I read books to be touched, to be inspired, to feel like I should get off my arse and do something. This doesn’t mean that the books need to be inspiring, no, they can be depressing as hell, but the author moves something in you through their writing, whether it’s tears, a scream or throwing the book at the nearest wall in anger and frustration, you can hear it all around you, the whispers.

“You’re changed now, you’ll never be the same,” they say. We Were Liars did that to me. The Underground Railroad did that to me. Call Me By Your Name, The Godfather, Black Sun, The Song Of Achilles, The Handmaid’s Tale, Noughts and Crosses… They—and many more—all did that, and the impression they left on me is buried deep in my soul. And even if one day, I forget I ever read them. Forget the titles and the plot, those whispers would always remain with me.

Everyone else is moving, why are you staying still?

Though Carry On and the others didn’t leave me with these same whispers, I still got the message the authors wanted to deliver through their stories and I enjoyed the way they wove the characters into their plots.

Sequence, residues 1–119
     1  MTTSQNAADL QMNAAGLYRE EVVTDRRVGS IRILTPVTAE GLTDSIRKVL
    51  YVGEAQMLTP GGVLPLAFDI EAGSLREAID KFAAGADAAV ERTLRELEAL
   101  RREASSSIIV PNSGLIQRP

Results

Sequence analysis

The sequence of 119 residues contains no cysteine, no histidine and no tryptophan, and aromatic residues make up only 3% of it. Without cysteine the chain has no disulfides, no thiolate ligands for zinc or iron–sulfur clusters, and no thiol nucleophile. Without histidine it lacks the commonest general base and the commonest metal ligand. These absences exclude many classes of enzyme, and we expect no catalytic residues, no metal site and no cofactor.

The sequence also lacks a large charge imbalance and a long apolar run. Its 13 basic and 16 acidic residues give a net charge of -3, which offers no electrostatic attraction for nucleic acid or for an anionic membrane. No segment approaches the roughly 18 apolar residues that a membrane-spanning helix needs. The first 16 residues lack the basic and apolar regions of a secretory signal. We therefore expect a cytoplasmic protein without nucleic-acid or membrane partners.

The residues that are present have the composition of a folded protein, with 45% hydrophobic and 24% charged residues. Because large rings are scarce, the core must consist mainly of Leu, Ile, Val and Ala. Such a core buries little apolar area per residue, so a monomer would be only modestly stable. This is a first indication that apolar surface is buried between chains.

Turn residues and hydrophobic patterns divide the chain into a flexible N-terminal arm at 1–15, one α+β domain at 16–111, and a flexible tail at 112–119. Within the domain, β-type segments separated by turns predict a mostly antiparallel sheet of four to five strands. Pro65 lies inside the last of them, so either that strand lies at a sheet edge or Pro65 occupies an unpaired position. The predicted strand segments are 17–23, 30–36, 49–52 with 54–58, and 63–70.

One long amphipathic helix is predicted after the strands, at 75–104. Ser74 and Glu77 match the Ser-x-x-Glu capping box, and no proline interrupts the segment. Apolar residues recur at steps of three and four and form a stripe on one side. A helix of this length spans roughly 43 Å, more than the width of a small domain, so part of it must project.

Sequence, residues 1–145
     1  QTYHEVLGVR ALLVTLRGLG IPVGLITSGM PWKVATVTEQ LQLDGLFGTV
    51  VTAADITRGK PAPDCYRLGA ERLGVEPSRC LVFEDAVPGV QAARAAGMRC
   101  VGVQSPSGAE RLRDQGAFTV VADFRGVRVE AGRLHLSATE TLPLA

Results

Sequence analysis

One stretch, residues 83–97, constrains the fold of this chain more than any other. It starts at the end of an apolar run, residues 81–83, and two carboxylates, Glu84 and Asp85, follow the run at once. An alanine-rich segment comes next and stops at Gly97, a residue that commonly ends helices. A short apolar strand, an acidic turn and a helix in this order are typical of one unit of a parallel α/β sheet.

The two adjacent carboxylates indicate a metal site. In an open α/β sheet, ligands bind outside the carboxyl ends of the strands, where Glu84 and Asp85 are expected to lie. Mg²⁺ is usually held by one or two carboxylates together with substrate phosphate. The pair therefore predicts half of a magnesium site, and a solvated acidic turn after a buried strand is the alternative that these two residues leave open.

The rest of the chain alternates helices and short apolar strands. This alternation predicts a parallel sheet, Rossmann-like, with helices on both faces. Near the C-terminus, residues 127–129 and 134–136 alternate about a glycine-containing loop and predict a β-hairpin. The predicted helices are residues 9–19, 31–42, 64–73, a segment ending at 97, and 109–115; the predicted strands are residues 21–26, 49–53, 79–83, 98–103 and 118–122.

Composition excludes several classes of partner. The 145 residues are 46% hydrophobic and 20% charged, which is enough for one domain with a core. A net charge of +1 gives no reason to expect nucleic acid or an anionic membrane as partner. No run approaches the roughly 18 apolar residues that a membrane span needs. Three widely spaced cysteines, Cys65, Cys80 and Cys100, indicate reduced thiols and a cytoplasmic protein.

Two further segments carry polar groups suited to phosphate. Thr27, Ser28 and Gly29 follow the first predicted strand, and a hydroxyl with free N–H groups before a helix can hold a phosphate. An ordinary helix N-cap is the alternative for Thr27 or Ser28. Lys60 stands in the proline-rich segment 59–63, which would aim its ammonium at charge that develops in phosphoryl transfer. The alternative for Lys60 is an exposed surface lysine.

Let’s get on to the reviews (in no particular order). First off is Carry On.


Carry On:

Rating: 6.5 out of 10.

Plot: 2.5/3

Ending: 2/3

Characters: 2/3

It’s a delightful book. It doesn’t take itself more seriously than it is. It has its deep moments, of course, but straight up your can tell that it was designed to make you laugh.

Simon is the Chosen One, the apprentice of the greatest Mage alive but there’s a catch. Using his magic is like playing the lottery, and everytime he doesn’t win things go boom—he’s awfully dope with his sword though…

Baz is his nemesis, the “rich, aristocratic magician” and a dreaded vampire. Gasp.

“I live with a vampire!” I argue.

“Unconfirmed.”

“Are you saying you don’t think Baz is a vampire?”

Chapter 5; Carry On.